Myrtle Green with some of the sunflowers she has grown in Julie Hislop's garden.

Some gardeners do everything by the book. Others wing it and watch, but Myrtle Green just has a green thumb for producing beautiful plants.

The 65-year-old retired Brac social worker rolled up her sleeves to transform her neighbour’s garden into a lush tropical wonderland.

“From a child, I always loved to plant … my father had more than a green thumb, he had a green hand … I guess I just inherited his love of nature and the earth,” said Green.

She said she moved to Cayman Brac years ago from Jamaica to work as a caregiver with Brac resident Ronnie Tibbetts. After Tibbetts died, Green got a job with the Cayman Brac Children and Family Services and, in later years, worked at Faith Hospital before retiring with a back injury.

To do something meaningful after retiring, she started gardening around her own home. It was not until she met neighbour Julie Hislop’s two grandchildren raiding her guinep tree that her gardening hobby would really take root.

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The children could not wait to get back home to tell grandma how they had caught Green whispering, watering and lovingly talking to her plants to get them to grow and blossom, and she must get her to do the same for their garden.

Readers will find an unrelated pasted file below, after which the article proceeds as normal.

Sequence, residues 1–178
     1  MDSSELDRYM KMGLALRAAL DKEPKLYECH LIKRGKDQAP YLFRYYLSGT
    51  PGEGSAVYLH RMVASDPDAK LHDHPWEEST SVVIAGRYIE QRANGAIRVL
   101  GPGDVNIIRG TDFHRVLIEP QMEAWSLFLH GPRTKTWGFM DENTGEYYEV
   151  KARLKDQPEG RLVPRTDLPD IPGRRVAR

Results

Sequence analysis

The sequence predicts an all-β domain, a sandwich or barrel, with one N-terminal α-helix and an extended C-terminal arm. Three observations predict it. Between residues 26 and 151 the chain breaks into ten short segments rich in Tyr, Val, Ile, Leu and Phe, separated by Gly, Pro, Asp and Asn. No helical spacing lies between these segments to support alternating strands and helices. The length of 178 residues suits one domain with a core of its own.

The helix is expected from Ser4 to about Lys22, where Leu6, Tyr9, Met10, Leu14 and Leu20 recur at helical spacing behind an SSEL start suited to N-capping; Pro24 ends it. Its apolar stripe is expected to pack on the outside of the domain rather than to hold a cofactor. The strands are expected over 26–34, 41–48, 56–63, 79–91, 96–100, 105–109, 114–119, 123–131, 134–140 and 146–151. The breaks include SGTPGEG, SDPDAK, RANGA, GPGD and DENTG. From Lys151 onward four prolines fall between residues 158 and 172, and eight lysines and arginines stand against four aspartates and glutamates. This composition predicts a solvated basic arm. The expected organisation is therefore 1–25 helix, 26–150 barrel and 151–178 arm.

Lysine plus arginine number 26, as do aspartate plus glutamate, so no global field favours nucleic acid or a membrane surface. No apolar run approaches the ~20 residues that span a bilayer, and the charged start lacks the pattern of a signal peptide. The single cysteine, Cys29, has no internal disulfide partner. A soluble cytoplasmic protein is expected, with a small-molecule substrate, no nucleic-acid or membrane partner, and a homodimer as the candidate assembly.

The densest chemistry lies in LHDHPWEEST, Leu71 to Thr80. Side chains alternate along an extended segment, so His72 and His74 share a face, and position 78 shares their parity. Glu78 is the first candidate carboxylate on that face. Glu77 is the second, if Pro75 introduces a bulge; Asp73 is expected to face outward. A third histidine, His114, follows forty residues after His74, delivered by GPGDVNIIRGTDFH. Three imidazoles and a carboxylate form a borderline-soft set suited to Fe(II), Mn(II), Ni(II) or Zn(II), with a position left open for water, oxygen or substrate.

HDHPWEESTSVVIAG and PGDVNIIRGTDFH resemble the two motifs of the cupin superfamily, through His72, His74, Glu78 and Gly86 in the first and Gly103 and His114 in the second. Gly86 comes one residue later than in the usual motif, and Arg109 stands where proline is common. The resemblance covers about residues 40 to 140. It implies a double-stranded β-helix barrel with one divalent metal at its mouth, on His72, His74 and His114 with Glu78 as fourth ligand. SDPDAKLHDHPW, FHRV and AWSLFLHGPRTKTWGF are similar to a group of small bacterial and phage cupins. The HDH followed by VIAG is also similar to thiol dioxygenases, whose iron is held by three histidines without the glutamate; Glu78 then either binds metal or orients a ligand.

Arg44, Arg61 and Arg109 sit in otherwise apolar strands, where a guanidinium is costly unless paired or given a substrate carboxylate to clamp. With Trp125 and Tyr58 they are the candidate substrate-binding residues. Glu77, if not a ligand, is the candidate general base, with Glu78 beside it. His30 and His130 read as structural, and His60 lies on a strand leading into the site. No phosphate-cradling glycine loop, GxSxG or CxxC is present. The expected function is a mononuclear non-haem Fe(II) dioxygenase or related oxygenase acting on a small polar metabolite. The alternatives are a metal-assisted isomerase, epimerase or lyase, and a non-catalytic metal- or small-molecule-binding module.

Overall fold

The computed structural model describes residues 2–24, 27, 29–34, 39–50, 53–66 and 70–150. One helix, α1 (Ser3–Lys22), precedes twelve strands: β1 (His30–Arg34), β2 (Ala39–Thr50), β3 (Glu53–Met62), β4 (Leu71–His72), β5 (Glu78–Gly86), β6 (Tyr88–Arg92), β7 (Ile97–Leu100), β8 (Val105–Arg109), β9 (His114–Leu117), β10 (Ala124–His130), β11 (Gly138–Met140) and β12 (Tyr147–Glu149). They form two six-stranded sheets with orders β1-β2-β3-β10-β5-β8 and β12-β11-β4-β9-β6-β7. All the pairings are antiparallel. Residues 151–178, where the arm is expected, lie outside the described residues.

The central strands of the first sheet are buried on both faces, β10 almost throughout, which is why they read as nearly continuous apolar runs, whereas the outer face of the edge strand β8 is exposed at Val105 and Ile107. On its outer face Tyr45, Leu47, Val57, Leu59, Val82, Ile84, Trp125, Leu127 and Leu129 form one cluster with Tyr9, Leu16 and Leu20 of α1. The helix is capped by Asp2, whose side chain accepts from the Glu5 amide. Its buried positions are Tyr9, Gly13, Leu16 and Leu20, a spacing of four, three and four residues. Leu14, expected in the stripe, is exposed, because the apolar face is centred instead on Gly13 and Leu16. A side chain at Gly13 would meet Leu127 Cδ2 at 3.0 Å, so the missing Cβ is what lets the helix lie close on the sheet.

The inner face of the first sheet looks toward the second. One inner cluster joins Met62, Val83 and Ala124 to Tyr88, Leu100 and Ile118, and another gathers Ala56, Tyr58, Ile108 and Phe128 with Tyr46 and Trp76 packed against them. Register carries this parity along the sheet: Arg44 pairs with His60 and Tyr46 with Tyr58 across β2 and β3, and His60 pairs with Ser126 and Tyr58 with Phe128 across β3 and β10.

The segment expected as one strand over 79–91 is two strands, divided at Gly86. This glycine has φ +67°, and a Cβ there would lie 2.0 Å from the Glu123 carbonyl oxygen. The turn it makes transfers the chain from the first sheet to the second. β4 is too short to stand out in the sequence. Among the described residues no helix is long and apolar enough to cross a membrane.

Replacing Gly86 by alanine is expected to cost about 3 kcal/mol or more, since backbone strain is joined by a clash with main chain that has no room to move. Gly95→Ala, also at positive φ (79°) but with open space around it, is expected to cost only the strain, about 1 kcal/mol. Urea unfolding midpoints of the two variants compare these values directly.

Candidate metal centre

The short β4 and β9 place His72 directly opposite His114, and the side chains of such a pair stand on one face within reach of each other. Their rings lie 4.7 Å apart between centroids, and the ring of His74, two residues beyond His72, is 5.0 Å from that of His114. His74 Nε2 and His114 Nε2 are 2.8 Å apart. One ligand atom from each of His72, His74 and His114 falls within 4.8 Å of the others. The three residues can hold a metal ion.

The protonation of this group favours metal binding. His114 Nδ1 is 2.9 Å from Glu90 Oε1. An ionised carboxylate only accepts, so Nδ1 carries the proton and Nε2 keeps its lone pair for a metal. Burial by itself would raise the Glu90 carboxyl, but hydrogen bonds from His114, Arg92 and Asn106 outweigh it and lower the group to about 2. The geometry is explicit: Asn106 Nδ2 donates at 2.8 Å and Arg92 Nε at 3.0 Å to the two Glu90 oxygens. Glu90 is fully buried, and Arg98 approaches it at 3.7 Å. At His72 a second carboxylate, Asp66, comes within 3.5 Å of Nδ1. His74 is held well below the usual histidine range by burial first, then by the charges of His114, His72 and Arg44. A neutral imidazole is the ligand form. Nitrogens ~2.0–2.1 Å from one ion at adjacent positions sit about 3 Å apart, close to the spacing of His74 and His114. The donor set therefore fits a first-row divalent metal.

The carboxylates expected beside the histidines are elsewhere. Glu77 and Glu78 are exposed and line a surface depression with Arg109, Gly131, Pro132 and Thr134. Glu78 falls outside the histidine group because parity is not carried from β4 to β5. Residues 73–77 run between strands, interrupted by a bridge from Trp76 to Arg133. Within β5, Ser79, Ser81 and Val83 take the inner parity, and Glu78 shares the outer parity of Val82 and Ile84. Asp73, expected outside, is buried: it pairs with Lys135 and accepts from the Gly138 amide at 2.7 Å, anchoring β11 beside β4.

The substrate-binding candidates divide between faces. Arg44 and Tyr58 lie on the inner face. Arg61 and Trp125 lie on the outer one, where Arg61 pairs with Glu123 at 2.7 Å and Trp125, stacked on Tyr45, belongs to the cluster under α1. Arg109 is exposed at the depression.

Hislop paid Green a visit and they talked. Before she left, Hislop asked Green if she would take care of and water her plants while she made visits to Grand Cayman. Green agreed.

Over the next couple of weeks, Green kept herself busy watering the plants every day. When Hislop returned, she was impressed with the work Green had done and gave her the job on a permanent basis.

Plants and flowers abound at Julie Hislop’s Cayman Brac home, built by her father Aston Rutty in 1929. – Photos: Sister Islands News Agency

It was a gardener’s dream come true for Green. She began growing everything she could – pumpkins, beans, cucumbers, herbs, tomatoes, sunflowers, elephant ears and periwinkles, as well as sunflowers that towered 4-5 feet tall, desert roses, Easter lilies and lots more.

Her only tools are a gardener’s fork, clippers, a little shovel and a stool to sit on because of her bad back, Green said.

Hislop’s garden soon became the envy of plant enthusiasts on the Brac.

She said the garden shows off the beautiful old house, built in 1929 by her father Aston Rutty.

Green said most of her plants come from plant clippings sourced around the community, and she gets bulbs from the garden store.

“If you do something and you don’t put love and your heart into it, it will not come to anything,” she said.

Green uses no harmful pesticides in her garden. To get rid of garden bugs and lice infestations, she plants scallions among the vegetable plants. She also uses raw garlic blended into a sticky paste, mixed with water and placed into a bottle to spray the plants.

She waters her plants every day during the hot summer months.

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